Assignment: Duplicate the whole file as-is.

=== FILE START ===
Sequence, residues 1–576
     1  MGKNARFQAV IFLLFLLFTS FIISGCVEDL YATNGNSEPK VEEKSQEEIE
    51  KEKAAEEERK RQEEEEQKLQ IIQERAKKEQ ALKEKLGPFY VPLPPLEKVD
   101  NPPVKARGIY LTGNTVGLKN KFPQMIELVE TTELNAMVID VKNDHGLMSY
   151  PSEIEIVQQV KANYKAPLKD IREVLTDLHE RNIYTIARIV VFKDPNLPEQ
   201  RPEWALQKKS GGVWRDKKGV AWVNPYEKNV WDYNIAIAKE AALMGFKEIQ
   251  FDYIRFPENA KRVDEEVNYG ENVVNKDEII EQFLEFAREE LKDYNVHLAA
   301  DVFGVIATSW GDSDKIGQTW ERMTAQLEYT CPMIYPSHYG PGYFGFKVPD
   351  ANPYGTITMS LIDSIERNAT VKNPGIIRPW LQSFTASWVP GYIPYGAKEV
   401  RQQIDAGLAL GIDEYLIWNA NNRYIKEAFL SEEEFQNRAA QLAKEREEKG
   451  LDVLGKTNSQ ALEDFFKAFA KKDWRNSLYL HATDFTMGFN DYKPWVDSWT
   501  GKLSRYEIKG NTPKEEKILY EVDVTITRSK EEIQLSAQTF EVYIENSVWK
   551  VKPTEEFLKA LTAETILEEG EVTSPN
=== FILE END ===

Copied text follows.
Sequence, residues 1–576
     1  MGKNARFQAV IFLLFLLFTS FIISGCVEDL YATNGNSEPK VEEKSQEEIE
    51  KEKAAEEERK RQEEEEQKLQ IIQERAKKEQ ALKEKLGPFY VPLPPLEKVD
   101  NPPVKARGIY LTGNTVGLKN KFPQMIELVE TTELNAMVID VKNDHGLMSY
   151  PSEIEIVQQV KANYKAPLKD IREVLTDLHE RNIYTIARIV VFKDPNLPEQ
   201  RPEWALQKKS GGVWRDKKGV AWVNPYEKNV WDYNIAIAKE AALMGFKEIQ
   251  FDYIRFPENA KRVDEEVNYG ENVVNKDEII EQFLEFAREE LKDYNVHLAA
   301  DVFGVIATSW GDSDKIGQTW ERMTAQLEYT CPMIYPSHYG PGYFGFKVPD
   351  ANPYGTITMS LIDSIERNAT VKNPGIIRPW LQSFTASWVP GYIPYGAKEV
   401  RQQIDAGLAL GIDEYLIWNA NNRYIKEAFL SEEEFQNRAA QLAKEREEKG
   451  LDVLGKTNSQ ALEDFFKAFA KKDWRNSLYL HATDFTMGFN DYKPWVDSWT
   501  GKLSRYEIKG NTPKEEKILY EVDVTITRSK EEIQLSAQTF EVYIENSVWK
   551  VKPTEEFLKA LTAETILEEG EVTSPN